BALTIMORE — "I couldn't have won the lottery twice? You know, got my mail stolen twice instead."
Irene Glorioso laughs it off, but it's not a joke. Twice in one month, she believes her mail was stolen because checks she dropped off at the post office never made it to their final destinations.
"Some of those things were my husband's business tax returns so there's a lot of information," said Glorioso.
It started on September 1. Before her knee surgery, she wrote a bunch of checks to send off and get ahead of bills.
"Thinking it would be safer, I drove to the Rosedale Post Office on Golden Ring and dropped them in the mail box outside the post office," recalled Glorioso.
But three weeks later, after her surgery, she found out the hard way what happened.
"My husband got the mail and brought in a notice that said out insurance was going to be canceled for non-payment," said Glorioso.
She checked her bank account and sure enough, none of the checks she wrote were cashed. She called the post office to report it, and re-wrote them. Because she can't drive after her surgery, she had a friend bring them to the post office for her. Glorioso said she warned about the outside boxes, but her friend said the Forest Hill Post Office has a more secure box, so she said it was safe to drop them in. That was September 20. 18 days later and those checks haven't cleared either.
"I'm mostly thinking someone, an individual stole it out of the box. I'm just a little nervous with my information out there," said Glorioso.
United States Postal Inspector Michael Martel couldn't provide details on the amount or exact locations of all the complaints, but did say USPS is actively investigating and that recently, they have replaced many postal blue boxes in the Baltimore area with more secure boxes to prevent theft moving forward.
"Many of the boxes have been replaced to keep mail secure in the area and we will continue to do what we do everyday to keep mail secure," said Martel.
The Postal Inspection Service is the federal law enforcement agency that conducts investigations into postal-related crimes like mail fraud, mail theft, revenue fraud and violent crimes against postal employees.
"We also are the security arm of the postal service and part of that is we continually assist in ensuring your mail is safe from point A to point B. The Postal Service is still one of the most secure ways of communicating in our country. The Postal Service successfully delivers 150 billion pieces of mail a year to over 155 million customers a day," said Martel.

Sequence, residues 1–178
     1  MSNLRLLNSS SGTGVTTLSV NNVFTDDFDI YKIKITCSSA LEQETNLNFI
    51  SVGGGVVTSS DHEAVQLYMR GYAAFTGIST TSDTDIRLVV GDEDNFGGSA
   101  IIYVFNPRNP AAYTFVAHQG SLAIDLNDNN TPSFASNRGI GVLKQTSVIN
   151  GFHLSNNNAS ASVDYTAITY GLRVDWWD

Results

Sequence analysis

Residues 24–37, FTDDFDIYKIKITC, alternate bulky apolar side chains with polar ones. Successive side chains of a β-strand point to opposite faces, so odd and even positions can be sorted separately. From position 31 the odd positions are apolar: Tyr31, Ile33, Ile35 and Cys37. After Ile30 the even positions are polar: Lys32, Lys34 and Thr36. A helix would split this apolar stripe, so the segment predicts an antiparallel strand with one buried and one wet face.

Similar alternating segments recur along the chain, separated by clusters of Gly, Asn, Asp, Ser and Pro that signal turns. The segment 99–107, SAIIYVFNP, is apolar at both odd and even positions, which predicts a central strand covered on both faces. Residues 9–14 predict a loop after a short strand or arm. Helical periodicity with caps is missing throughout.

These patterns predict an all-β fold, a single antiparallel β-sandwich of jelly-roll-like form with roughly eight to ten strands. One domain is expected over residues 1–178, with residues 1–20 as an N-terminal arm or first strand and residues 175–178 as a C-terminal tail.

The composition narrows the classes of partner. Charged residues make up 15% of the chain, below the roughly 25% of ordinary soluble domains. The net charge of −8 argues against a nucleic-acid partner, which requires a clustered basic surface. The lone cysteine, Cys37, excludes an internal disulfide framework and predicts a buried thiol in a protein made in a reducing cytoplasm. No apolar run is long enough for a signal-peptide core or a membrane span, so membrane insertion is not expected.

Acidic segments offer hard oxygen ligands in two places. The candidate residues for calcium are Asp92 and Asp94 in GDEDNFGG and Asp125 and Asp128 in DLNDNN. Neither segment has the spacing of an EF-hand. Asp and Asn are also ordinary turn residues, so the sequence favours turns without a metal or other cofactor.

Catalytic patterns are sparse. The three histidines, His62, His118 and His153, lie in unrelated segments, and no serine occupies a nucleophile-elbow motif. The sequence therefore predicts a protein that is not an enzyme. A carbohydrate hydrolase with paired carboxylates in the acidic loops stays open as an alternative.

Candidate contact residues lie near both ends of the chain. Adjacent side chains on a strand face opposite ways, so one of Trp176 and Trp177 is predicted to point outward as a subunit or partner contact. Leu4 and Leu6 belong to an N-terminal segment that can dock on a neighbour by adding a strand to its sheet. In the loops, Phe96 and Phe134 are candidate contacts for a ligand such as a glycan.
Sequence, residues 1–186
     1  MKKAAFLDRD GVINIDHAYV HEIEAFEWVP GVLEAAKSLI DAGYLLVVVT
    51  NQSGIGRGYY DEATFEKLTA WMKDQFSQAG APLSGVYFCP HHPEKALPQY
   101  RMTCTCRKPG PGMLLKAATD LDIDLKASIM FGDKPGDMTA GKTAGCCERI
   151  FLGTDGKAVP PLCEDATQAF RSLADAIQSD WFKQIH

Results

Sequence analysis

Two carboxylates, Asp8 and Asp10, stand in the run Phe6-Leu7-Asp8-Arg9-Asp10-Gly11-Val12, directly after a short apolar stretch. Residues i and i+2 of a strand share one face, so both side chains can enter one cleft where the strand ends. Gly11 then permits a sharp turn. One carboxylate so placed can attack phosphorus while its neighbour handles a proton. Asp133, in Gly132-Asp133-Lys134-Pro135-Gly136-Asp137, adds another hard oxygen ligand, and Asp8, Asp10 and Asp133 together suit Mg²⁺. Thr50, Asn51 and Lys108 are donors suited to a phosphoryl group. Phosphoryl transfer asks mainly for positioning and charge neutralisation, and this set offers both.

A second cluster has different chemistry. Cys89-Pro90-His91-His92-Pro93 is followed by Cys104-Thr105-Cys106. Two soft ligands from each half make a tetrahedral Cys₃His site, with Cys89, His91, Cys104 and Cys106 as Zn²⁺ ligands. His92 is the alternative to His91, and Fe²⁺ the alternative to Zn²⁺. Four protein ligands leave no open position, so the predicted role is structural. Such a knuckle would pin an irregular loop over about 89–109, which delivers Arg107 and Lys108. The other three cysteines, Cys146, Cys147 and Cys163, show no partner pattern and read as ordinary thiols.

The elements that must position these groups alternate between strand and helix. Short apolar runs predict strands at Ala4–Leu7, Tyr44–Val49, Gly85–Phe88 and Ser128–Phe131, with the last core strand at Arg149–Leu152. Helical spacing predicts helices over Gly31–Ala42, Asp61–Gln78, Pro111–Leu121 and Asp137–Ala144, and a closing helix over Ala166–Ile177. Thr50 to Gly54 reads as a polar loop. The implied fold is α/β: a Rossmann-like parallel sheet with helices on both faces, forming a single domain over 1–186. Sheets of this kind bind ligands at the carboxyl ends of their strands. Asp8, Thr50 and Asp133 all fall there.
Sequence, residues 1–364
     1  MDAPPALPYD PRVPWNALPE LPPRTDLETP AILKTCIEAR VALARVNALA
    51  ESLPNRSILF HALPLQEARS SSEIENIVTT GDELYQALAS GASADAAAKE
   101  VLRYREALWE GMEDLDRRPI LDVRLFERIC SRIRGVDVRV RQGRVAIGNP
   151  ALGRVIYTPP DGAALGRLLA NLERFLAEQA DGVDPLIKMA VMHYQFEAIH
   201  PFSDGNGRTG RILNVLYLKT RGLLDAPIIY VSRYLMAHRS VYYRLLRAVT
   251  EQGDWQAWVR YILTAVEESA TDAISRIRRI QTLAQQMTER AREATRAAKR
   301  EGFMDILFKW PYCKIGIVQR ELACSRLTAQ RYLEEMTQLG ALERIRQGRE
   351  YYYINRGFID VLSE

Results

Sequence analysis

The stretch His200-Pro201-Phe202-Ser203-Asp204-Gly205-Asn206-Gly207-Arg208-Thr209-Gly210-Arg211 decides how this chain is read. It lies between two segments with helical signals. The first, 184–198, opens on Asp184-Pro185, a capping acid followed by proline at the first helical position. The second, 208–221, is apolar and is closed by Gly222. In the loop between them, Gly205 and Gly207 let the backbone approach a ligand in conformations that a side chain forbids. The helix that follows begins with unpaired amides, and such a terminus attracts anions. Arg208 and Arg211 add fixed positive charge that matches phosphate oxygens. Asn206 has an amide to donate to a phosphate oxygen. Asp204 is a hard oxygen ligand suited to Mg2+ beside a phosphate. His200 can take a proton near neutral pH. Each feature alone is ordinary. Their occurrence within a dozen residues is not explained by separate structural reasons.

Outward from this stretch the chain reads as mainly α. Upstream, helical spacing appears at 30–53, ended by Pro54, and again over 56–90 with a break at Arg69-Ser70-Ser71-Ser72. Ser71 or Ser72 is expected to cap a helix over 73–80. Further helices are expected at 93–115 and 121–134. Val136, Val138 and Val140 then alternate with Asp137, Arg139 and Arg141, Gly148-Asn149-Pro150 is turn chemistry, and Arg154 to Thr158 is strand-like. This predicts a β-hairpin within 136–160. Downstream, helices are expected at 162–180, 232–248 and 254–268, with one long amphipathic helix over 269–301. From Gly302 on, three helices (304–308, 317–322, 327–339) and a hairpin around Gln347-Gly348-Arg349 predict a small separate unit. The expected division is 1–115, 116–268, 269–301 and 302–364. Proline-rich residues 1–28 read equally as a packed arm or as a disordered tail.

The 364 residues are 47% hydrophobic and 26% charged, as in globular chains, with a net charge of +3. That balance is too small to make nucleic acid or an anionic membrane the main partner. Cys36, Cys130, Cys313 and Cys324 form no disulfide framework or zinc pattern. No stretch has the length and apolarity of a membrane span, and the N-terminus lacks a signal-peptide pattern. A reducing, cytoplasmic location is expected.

Martel also offered some other tips on how to keep your mail as safe as possible. He said do not send cash or coins, only checks or money orders. He also recommends dropping mail off in the blue boxes close to the collection time, which is posted on the front and back of the boxes.
"If you have a check or money order that you've mailed out that didn't make it to its destination, with a check, contact your bank and place a stop payment on the check and contact police and postal inspectors," said Martel.
But that didn't work for Glorioso. She said her bank would charge her $38 per check to stop payment. With 25 checks missing, that's $950 and not something she can afford so she just hopes they never get cashed.
"I'm checking the bank every day to see if any of these checks are getting cleared or if someone has stolen them and tried to cash them," said Glorioso.
In the meantime, she wants to make sure this doesn't happen to anyone else.
"I think people need to know so that they don't take their mail and feel very confident that their mail is going to get to where it's going. I would strongly advise them to walk it inside the post office and not drop it at a box," said Glorioso.
USPS encourages anyone who believes they are a victim of mail theft to report to the United States Postal Inspection Service at USPIS.gov or call 877-876-2455.